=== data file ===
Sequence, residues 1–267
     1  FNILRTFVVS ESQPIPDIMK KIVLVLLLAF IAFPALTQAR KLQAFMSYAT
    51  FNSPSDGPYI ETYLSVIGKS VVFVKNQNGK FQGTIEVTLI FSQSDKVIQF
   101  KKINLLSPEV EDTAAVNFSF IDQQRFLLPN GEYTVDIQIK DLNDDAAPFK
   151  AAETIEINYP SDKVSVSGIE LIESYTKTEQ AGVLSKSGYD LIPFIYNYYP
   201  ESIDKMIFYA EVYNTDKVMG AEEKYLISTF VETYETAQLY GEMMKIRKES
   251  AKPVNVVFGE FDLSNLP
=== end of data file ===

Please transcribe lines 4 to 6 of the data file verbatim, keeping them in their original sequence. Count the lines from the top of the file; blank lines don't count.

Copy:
   101  KKINLLSPEV EDTAAVNFSF IDQQRFLLPN GEYTVDIQIK DLNDDAAPFK
   151  AAETIEINYP SDKVSVSGIE LIESYTKTEQ AGVLSKSGYD LIPFIYNYYP
   201  ESIDKMIFYA EVYNTDKVMG AEEKYLISTF VETYETAQLY GEMMKIRKES